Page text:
OCC fights w/ state & local government
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Throughout the legislative and legal campaigns by powerful bank lobbyists to defeat tough new state and local laws banning double ATM fees, requiring more credit card disclosures, protecting customer privacy, and preventing predatory lending, the bank lobbyists have been aided and abetted by lawyers from the federal Office of the Comptroller of the Currency (OCC). This obscure and previously little-noticed agency regulates all commercial banks with the word "national" (or N.A.) in their names and is part of the US Treasury Department.
Throughout its history, the agency has demonstrated the classic characteristic of a "captive regulator:" OCC places the interests of the regulated above the public interest. Part of its problem is that it has a conflicting mission: it has both supervisory and promotional responsibilities over national banks. A second, perhaps worse problem is that OCC derives the vast bulk of its budget directly from its regulated banks. If it is too hard on national banks, they could switch to state charters, reducing the OCC's budget.
In January, 2004 the OCC issued two related and sweeping rules, one preempting nearly all state and local consumer laws (the "preemption rule") [69 Fed. Reg. 1904 (2004)] and the other restricting nearly all enforcement powers of state regulators and attorneys general (the "visitorial powers rule.") [69 Fed. Reg. 1895 (2004)] over national banks, and incredibly, their state-licensed operating subsidiaries, which are not banks.
The OCC asserts it has somehow been granted broad authority from Congress to "take the field" over virtually all matters pertaining to national banks and their state-licensed operating subsidiaries, even where no federal law protects consumers from unfair or predatory financial practices. The OCC says this, even though the clearest recent statement from the Congress had been that the OCC had been "inappropriately aggressive" in preempting consumer, community and other laws.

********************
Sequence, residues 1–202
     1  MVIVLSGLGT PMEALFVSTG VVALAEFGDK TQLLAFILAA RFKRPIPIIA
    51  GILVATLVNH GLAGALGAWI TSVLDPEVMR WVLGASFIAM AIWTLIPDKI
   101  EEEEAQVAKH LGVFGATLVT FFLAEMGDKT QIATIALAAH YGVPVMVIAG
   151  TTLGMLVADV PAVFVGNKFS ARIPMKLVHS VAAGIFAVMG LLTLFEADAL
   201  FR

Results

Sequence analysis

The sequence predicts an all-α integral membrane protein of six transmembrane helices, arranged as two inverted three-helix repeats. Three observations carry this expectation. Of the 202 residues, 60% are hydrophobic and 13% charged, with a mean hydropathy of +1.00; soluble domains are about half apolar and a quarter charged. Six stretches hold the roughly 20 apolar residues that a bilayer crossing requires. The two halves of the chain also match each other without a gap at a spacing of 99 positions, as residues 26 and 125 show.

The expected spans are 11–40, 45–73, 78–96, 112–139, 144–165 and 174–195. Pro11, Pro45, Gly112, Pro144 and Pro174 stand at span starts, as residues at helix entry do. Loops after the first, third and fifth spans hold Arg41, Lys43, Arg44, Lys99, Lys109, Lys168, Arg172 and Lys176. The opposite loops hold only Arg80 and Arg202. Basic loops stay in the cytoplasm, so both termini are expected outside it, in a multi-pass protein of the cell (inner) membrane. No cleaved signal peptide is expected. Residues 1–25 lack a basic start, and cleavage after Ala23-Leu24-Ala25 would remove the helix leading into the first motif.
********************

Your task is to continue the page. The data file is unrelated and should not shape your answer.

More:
In the new preemption rule the OCC re-wrote and weakened the applicable Supreme Court preemption test from the 1996 Barnett decision. The OCC rule downgraded the Court's strict "prevent(s) or significantly interfere(s)" standard with a sweeping preemption of nearly all state laws even if they merely "obstruct, impair, or condition" a national bank's exercise of powers.
In its visitorial powers rule OCC rolled-back long-standing authority of state attorneys general and other officials to investigate or enforce violations by national banks. OCC also boldly asserted that these new limits extended even to actions against a national bank's state-licensed operating subsidiaries.
the agency's recent preemptive actions have been buttressed by a series of court decisions that have granted undue deference to the agency's rulings. Often, the agency has amended its rules in the middle of court battles, and counted on the courts to agree with their opinion. So, the most likely solution to the OCC's new rules will need to come from Congress, not the courts. Congress needs to re-state more clearly what most impartial (not the OCC, not the banks) observers have always believed to be the law: First, national banks must comply with state and local laws that are stronger than, but not inconsistent with, federal law. Second, operating subsidiaries are not national banks.
States Storm Back Against OCC's Storm Against The States
The issuance of the OCC rules has sparked a bi-partisan storm of protest from state legislatures, state financial regulators and state attorneys general. The attorneys general particularly criticized the OCC'outrageous characterization that the "National Bank Act protect[s] national banks from potential state hostility..." Calling the states "hostile" does not advance any legitimate argument.